Burgers Drive Growth in Eating Out
In the second quarter of this year, eating out at restaurants and other food outlets grew for the third quarter running, but does this really mean the end of cautious consumer spending?
In the second quarter of this year, eating out at restaurants and other food outlets grew for the third quarter running, but does this really mean the end of cautious consumer spending? Visits to restaurants have increased 1% while spending has gone up 2% compared with last year, according to data from NPD Crest. This is equivalent to an additional 130 million visits and £1 billion spend. An increase in consumer confidence and a pleasant and long summer have contributed to this growth.
Growth has been driven by quick service restaurants, which hold a 50% share of overall traffic. It appears consumers still want to treat themselves but financial constraints are pushing them towards cheaper fast food options. While the good weather encouraged more consumers to eat out through all outlets, fast food restaurants have benefited the most.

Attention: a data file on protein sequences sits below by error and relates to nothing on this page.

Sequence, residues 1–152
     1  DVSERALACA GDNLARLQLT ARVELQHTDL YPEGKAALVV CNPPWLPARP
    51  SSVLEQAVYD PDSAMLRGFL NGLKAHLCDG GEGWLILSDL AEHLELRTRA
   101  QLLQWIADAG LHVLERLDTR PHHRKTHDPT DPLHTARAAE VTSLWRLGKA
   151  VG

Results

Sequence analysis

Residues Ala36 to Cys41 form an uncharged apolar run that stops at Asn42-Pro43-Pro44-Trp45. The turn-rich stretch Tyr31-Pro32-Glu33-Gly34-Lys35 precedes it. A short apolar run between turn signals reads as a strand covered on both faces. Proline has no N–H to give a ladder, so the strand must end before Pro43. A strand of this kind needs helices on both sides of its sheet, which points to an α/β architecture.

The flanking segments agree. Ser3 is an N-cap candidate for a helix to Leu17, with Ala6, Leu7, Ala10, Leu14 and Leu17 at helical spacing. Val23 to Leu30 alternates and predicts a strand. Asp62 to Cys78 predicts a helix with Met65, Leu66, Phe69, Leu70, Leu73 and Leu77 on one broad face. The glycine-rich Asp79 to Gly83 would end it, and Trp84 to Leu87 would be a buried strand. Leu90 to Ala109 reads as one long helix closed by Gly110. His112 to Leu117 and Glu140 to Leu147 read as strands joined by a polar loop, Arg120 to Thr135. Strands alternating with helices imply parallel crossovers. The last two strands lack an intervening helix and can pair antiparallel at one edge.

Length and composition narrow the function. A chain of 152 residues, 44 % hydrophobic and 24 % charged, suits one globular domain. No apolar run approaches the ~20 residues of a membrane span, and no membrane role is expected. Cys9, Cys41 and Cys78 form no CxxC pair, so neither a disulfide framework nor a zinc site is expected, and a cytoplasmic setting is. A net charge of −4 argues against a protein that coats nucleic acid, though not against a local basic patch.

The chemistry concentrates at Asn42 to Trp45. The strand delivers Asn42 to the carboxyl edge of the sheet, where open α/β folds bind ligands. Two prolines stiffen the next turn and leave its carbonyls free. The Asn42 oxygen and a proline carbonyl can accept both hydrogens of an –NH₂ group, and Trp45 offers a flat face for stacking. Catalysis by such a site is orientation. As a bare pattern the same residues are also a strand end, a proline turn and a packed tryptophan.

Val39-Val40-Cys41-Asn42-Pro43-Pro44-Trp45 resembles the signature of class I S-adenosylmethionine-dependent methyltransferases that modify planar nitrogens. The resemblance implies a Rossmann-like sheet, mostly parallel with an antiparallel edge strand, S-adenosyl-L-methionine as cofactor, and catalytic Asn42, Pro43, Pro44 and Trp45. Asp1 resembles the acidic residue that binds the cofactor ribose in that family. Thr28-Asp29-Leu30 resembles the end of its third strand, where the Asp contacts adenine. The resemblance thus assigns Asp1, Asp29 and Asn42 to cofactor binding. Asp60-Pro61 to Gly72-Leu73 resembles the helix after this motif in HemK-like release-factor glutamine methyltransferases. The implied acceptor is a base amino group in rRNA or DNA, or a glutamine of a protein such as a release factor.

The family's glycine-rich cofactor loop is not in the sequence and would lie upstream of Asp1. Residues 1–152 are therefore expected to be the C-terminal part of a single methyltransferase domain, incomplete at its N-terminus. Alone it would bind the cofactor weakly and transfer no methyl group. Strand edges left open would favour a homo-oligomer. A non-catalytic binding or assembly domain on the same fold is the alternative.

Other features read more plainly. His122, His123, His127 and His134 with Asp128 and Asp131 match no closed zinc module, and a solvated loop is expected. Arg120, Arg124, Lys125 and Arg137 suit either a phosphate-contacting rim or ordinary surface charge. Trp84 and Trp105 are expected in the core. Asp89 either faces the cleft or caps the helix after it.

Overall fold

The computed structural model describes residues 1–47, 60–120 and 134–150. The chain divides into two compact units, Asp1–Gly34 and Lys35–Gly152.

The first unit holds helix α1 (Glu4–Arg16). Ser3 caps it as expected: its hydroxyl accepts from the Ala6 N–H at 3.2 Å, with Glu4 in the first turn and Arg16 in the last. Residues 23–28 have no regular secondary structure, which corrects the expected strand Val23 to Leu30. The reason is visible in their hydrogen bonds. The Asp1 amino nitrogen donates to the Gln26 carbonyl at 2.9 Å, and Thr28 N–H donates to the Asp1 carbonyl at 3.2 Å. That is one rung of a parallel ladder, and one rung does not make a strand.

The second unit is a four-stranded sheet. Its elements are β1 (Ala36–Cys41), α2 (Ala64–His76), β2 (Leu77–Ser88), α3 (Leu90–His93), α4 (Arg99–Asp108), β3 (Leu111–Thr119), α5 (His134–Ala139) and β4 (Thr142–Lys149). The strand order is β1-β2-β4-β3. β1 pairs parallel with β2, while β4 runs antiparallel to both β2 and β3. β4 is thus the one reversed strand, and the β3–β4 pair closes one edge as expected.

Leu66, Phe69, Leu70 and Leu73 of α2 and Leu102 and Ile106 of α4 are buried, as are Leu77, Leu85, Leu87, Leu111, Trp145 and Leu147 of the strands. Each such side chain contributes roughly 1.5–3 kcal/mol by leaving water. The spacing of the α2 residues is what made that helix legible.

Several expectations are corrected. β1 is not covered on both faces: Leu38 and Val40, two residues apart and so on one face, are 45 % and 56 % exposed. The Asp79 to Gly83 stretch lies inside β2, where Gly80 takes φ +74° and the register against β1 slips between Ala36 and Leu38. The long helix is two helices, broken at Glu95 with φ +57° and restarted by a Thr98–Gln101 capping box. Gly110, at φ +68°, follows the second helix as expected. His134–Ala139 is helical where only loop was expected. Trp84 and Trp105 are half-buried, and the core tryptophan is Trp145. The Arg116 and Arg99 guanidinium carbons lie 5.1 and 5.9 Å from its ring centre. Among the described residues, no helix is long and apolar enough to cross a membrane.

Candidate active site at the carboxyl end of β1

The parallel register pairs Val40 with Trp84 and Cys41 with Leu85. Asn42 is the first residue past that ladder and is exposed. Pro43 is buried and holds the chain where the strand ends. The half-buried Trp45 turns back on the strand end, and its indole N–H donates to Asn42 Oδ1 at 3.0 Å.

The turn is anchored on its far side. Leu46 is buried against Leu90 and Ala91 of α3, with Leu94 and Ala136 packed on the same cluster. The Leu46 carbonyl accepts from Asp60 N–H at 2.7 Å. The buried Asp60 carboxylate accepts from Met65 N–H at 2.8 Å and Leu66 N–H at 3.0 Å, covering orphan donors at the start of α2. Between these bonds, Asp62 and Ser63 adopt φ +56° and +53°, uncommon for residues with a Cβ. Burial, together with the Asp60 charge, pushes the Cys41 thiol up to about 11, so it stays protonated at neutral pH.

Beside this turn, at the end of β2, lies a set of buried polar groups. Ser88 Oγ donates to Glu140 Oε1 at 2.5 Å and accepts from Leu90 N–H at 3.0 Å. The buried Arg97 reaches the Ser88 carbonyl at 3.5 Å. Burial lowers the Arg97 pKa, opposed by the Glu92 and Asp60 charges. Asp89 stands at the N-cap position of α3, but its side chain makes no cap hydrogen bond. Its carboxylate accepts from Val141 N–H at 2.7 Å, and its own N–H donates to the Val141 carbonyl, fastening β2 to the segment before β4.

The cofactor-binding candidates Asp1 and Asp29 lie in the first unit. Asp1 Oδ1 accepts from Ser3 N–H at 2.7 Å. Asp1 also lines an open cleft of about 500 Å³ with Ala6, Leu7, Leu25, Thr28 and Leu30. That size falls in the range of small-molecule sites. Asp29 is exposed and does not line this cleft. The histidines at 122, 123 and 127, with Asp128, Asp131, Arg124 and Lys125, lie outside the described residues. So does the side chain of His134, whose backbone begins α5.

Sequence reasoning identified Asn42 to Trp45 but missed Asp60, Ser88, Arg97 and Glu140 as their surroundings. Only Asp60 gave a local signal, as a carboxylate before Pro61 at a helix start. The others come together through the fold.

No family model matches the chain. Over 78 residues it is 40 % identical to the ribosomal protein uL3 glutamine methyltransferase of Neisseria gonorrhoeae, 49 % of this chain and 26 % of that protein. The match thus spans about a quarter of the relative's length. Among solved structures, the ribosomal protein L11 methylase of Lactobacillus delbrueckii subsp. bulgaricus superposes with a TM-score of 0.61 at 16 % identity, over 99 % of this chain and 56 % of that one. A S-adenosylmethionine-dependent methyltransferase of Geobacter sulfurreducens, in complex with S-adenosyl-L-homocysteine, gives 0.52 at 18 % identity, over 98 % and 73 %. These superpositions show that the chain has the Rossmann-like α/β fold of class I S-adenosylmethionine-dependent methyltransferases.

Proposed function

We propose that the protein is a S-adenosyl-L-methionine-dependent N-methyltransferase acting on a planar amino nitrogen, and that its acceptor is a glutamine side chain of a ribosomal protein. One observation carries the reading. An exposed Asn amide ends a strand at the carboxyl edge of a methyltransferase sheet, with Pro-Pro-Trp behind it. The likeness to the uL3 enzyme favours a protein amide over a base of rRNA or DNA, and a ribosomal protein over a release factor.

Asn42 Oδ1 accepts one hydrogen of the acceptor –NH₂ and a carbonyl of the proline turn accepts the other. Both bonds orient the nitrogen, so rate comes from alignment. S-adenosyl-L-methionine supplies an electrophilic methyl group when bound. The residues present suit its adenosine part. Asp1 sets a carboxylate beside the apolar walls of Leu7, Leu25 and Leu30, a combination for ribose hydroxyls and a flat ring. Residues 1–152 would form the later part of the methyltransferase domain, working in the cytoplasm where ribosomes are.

The largest growth in eating out has been by families with children, who made 4% more visits compared with last year. This has been driven, in part, by increased promotions, with offers like ‘kids eat free/half price’ being taken up in almost a third of outings. While the number of adult only visits has also increased, they still remain below those in 2010.
Looking at the different proteins, beef has seen the largest growth in meals, being up 4%, primarily through growth in beef burger purchases. This is unsurprising, given the popularity of burgers at fast-food outlets. However, the recent fashion for ‘gourmet burgers’ has resulted in them increasing their significance on pub and restaurant menus. Although pig meat is chosen in a large number of restaurant visits, the majority involve bacon or ham. The 2% drop in pig meat meals comes on the back of reductions in pork as a main meal or roast. Lamb continues to suffer at food service outlets, due to a poor perception of quality and value for money. However, lamb may gain from the popularity of ‘gourmet burgers’, which could bring it back to menus in an affordable and attractive way.
Growth in the food service sector is a sign that consumers are relaxing their budgeting. However, good weather is known to encourage eating out and is likely to have contributed to the growth that has occurred so far this year. The true test will be whether growth continues into the next two quarters; recovery to pre-recession levels of eating out still remains far off.